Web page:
I had forgotten to wryte vnto your Lordship before I wrote of seinges that my Lord of Huntyngdon goethe with Casymyre to gravesende And Sir henry sydney to Dover. The frenchemen here & the Spanyshe Ambassadore dothe very greatly repyne, at the great Intertaynement of this duke./ my Lord of Lecester, hathe bene allmost continually with him synce his commynge to London./

The matter betwyxte my Lord of Rutland & master markham resteth as it did, And nothynge as yet hathe bene done therein, synce theyr laste commynge vpp. her majestie hathe talked ofener with thomas markham than with the other, and shewethe to markham very great good countenance. And suerly he hathe many good freindes that doe stycke vary well vnto him./ Touchynge the effecte of the laste lettre which I receaved yesterday from your Lordship concernynge Roulsoon/ I will betymes to morrow imparte it to master myddellmore/ for he hathe bene oute of the Towne thes iiij dayes, but wylbe here at courte to morrow mornynge/ I wyll also imparte it to my Lord of Lecester & to master Skidmore, And desyre them as occasion servethe; & yat they heare that this impudent fellow dealethe in any suche sorte, to informe her majestie of the truthe therof, yet I intende to tell master myddellmore therof, & not doe it withoute his advyse leaste he sholde thynke any thynge therat. I can not learne that Roulston is come vpp./ This day in the starre chamber the lordes examyned iiij messengers suche as are daly sente of errantes from the courte, who are founde by counterfeytynge of the Lord chamberlayne And ye secreteryes handes, to have deseaved the Quene above three thousande poundes within thes vij yeres, they and theyr confederates, whervppon they muste stande of the pyllerye, at Westmester, at the courte gates, & in chepesyde, on certayne dayes appoynted, and then have theyr eares cutte of./ on thursday laste, as my Lorde Rytche was rydynge in the streetes, there was on wyndam that stode in a dore and shott A dagge at him, thynkynge to have slayne him, but god provyded so for my Lord ryche, that this Wyndam apoyntynge his servante yat mornynge to charge his dagge with ij bulletts; the fellow doubtinge he mente to doe sum myschefe with it, charged it only with pouder & paper, & no bullett, and so this Lord's lyfe was therby saved for otherwyse he had bene slayne, Wyndam was presently taken by my Lord Rytches men, & beynge broughte before the counsell confessed his Intende, but the cause of this quarrell I know not but he is commytted to the Towre/ The same day also as Sir Iohn Conway was goeynge in the stretes, master Lodovyke grevell came sodenly vppon him, and stroke him on the hedd with a great Cougell & felled him, And beynge doune stroke at him with a sworde And but for one of Sir Iohn Conwayes men who warded the blow he had Cutte of his Legges, yet did he hurte him sumwhat on bothes his shynns/ The councell sente for Lodovyke grevell, and hathe commytted him to the marshallcye: I am forced to troble your honors with thes tryflynge matters, for yat I know no greatter. / my wyfe dothe very well, I thanke god, And is an obedyente patient, & lykethe thos easye thynges yat are applyed to her very well. for thestate of her boddy master Iulio toulde me that he hadd wrytten it at Lengethe to your Ladyshypp. And thus moste humbly we beseche your honors daly blessynge, praynge to allmyghtye god for your Lordships longe contynuance in all honor, moste perfyte healthe and longe lyfe. at your Lordships lyttell house nere charing crosse this present fryday late at nyghte. the xiijth of february 1578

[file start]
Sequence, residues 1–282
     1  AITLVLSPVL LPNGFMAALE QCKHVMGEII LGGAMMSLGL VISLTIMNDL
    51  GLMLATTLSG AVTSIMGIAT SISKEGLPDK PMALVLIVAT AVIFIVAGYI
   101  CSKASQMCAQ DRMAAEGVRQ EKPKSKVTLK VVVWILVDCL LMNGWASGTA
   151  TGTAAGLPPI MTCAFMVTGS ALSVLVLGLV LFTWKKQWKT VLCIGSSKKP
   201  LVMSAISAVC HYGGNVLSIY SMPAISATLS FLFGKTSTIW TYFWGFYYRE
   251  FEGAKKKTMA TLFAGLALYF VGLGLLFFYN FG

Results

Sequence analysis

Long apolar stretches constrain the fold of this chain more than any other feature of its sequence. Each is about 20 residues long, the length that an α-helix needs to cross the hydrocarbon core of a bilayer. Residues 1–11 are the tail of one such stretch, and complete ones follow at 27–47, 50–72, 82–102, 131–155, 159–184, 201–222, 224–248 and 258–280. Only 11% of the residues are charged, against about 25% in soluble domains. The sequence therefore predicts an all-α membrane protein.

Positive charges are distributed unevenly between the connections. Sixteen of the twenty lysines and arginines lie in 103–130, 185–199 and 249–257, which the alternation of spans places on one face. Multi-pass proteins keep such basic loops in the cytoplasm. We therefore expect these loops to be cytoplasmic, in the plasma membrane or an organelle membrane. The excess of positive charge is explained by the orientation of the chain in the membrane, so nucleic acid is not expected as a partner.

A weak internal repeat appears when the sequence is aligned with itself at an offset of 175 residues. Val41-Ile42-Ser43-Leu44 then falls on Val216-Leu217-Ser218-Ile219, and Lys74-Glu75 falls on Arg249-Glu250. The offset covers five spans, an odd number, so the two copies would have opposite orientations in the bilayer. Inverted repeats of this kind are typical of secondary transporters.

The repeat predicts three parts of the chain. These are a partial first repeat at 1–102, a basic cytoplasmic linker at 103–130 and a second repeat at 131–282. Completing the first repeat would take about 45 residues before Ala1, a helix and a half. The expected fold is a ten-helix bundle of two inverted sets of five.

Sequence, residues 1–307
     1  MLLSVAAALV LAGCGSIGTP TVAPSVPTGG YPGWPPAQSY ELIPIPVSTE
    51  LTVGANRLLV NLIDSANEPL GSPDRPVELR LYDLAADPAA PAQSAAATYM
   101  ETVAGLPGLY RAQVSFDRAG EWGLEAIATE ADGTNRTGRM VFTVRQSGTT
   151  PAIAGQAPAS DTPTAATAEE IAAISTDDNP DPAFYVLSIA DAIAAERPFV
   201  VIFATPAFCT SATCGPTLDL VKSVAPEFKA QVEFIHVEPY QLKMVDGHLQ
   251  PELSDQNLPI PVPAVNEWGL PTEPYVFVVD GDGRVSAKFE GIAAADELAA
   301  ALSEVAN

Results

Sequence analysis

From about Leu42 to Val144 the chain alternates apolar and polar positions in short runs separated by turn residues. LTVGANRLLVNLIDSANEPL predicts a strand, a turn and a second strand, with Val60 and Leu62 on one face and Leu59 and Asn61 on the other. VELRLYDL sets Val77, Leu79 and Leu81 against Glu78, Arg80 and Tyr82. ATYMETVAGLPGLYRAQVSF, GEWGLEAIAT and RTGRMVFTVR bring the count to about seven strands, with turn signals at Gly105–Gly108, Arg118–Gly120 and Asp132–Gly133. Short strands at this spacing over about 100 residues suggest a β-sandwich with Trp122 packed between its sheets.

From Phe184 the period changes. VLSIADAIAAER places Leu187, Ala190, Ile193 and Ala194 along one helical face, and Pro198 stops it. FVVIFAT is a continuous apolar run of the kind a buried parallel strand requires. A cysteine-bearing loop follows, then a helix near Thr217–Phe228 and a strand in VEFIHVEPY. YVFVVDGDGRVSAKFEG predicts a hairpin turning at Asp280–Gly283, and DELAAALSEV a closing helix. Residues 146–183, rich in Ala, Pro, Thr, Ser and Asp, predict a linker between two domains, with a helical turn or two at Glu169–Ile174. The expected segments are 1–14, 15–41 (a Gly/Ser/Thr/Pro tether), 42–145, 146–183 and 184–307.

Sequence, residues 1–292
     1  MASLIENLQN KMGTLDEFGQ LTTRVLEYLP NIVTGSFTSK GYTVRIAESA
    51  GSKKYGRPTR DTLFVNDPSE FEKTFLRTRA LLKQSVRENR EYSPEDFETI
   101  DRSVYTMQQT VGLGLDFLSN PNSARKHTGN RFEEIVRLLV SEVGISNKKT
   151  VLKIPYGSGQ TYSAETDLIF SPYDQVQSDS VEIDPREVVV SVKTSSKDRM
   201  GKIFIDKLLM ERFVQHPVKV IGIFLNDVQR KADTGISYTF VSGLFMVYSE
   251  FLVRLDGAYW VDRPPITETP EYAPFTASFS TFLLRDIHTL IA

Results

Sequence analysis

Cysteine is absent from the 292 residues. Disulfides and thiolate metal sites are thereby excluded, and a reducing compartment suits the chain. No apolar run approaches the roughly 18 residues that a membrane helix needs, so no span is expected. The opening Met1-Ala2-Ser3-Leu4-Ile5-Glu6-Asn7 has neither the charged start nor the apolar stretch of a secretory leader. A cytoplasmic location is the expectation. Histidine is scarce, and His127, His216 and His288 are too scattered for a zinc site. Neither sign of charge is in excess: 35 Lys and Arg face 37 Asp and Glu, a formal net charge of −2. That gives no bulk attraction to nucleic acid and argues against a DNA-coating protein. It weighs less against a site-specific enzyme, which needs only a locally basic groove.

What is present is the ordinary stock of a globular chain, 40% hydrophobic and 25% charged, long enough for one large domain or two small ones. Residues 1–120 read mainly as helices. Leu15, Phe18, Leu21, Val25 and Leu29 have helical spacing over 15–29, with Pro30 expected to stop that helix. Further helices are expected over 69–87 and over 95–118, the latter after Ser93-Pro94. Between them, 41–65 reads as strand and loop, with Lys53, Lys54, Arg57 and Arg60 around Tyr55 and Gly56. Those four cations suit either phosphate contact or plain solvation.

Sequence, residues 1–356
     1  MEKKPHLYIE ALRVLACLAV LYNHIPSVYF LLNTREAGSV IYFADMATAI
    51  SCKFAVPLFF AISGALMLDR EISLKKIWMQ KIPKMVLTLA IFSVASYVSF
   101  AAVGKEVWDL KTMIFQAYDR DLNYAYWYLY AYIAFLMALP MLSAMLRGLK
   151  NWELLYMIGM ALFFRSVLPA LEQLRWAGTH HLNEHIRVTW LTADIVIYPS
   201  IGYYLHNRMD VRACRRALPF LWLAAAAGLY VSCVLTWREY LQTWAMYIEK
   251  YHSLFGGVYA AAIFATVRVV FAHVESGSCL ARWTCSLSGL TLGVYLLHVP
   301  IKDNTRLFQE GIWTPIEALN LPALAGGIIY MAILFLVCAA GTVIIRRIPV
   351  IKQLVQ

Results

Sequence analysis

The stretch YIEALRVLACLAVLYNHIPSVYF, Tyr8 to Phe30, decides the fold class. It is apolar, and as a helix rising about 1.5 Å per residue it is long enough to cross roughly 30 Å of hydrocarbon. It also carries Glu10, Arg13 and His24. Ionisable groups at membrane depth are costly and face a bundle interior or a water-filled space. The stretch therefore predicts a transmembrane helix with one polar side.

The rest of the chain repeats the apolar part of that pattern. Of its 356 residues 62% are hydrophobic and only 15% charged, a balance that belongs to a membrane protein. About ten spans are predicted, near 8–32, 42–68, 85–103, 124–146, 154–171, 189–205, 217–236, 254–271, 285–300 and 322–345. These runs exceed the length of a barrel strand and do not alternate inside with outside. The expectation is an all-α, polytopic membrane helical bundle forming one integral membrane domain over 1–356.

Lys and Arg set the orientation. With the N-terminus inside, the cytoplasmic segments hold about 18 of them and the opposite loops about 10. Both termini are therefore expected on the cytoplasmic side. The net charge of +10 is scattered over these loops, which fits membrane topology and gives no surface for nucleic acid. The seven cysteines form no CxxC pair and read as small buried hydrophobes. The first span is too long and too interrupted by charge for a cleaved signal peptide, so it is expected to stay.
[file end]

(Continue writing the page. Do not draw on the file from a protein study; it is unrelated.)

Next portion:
your honors moste humble and obedient Lovynge chyldren.

Gilbert Talbott

Mary Talbott

I never sawe Thomas Cornyshe but once synce he came vpp, nether doe I know whether he wyll goe into fraunce, or returne to your Lordship agayne/ nor any thynge at all of his besynes more than your Lordship's lettre./

I pray your Ladyship lett me know your pleasure for ye parsonage of Tormorton